back to article Splunk prototyping DevOps efficiency measurement tool

Splunk has developed a prototype product to measure productivity in DevOps teams. The “Splunk App for Build Analytics” has been deployed in a closed beta and is now running, live, as a bespoke service at several Splunk customer sites. The tool's existence was revealed to The Register today by Andi Mann, Splunk’s chief …

  1. cat_mara

    'Mann said...

    ... the tool is “a Docker container in a private HitHub repo that contains Splunk Enterprise, Kenkins, SonarQube and a whole bunch of sample data, data normalisation and visualisations.”

    'Then, its entire payload of buzzwords deployed, the empty skin fluttered around the room making a sad parping noise like a deflating balloon. We made our excuses and left.'

    1. AndiMann

      Re: 'Mann said...

      LOL, nice. It does seem that way. But in my defence, these are all real things, that is actually how it is packaged, and this is what my customers wanted.

      Not that this is any excuse.

      I'll show myself out. ;)


  2. iron Silver badge

    Happy/sad buttons

    That sounds terrible. Are devs forced to press one button or the other before leaving? Are they in a separate room that only has room for 1 person so it is really anonymous or can other people see which one you press? Writing code for a bank sounds pretty soul destroying as it is but mandatory happy/sad buttons would definitely stop me working there.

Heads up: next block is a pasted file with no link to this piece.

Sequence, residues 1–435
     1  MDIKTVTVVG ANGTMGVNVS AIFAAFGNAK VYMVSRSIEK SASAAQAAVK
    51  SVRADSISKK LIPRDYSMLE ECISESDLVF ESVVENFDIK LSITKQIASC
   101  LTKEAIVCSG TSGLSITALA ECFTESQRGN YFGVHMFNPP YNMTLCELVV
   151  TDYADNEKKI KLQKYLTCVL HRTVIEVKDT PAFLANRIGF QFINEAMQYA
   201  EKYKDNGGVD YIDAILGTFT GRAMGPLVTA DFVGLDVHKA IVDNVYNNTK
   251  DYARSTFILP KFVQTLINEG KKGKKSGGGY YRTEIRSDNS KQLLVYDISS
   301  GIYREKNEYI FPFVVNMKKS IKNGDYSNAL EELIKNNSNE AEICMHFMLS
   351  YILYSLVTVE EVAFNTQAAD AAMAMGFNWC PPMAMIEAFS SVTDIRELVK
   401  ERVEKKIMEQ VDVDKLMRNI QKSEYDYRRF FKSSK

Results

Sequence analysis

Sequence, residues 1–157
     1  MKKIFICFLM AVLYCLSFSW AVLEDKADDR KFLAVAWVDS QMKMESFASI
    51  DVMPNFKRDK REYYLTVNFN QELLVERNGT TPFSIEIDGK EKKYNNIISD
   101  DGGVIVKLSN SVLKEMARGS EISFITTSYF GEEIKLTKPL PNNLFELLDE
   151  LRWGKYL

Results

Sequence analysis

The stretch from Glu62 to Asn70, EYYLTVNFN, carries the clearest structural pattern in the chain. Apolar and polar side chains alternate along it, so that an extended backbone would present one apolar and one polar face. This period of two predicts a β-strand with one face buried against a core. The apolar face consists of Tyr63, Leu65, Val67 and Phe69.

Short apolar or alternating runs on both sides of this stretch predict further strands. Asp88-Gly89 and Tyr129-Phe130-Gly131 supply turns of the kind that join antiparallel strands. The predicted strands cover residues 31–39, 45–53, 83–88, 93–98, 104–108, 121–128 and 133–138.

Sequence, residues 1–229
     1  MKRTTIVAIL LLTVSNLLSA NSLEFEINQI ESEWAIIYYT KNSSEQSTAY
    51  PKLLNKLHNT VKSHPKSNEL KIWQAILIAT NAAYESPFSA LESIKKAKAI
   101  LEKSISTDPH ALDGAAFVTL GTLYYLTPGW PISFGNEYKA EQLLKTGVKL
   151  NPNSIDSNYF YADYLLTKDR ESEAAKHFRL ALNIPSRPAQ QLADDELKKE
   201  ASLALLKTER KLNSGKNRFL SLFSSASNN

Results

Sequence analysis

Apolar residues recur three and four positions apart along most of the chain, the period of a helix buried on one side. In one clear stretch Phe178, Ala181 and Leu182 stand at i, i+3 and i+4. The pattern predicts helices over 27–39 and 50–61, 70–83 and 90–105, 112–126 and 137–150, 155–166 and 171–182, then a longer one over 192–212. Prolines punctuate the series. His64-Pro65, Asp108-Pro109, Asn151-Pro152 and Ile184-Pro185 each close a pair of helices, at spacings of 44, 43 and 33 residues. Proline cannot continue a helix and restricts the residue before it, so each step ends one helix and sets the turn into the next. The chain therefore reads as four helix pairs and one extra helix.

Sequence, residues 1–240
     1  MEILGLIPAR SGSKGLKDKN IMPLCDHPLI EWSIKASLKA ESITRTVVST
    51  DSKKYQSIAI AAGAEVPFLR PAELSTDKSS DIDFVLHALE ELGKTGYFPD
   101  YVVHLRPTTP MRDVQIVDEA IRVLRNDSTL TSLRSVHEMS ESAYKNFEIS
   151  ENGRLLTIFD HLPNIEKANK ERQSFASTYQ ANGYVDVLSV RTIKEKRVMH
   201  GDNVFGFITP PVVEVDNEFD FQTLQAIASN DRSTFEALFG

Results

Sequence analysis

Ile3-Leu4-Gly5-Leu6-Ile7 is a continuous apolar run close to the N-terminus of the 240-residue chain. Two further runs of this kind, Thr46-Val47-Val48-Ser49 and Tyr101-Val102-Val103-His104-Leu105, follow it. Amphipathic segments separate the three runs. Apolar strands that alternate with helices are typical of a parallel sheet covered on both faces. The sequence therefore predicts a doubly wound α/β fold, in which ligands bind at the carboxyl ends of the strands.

1. klaxhu

      Re: Happy/sad buttons

      There are tools out there that big companies use weekly to measure the mood of their developers to make sure they accommodate the ever changing needs of highly stressed people. This is a good thing, it helps with retention as most of the time employees either get bored or frustrated and they leave because they see management doing nothing about it.

    2. AndiMann

      Re: Happy/sad buttons

      My, that is quite the dystopian perspective you have there! Not sure why you'd assume any of that.

      Rest assured, it is nothing so nefarious. It is entirely voluntary; they are not in a room with just 1 person; the data is really anonymous.

      Which just makes sense. They are trying to hire and keep good people. Forced metrics would not help that mission. In fact, everything you suggest would just drive good people away, and totally defeat the purpose.

      It is, however, a fair point that metrics can be gamed, on both sides; context is always important; and one-off data points will rarely tell a whole story.


  3. klaxhu

    correction pls Simon

    @Simon: hithub and kenkins? I know g is just by h and k is by j on the keyboard but still ....

    Not big friends with the keyboard on the new macbook then?

  4. BigAndos

    "if it is not soon enough how much will it cost to get extra contract resources to make the date that they want."

    Oh dear lord, the PHBs of the world don't need any more encouragement to think like this!

    1. AndiMann

      Heh, perhaps not. But Catbert would approve! And at least they both can use data to make hiring decisions, rather than just sticking a finger in the wind. Or worse. just telling the existing team to work smarter/harder/faster.

      Plus, it helps keep contract devs in work, so it's not all bad, right?


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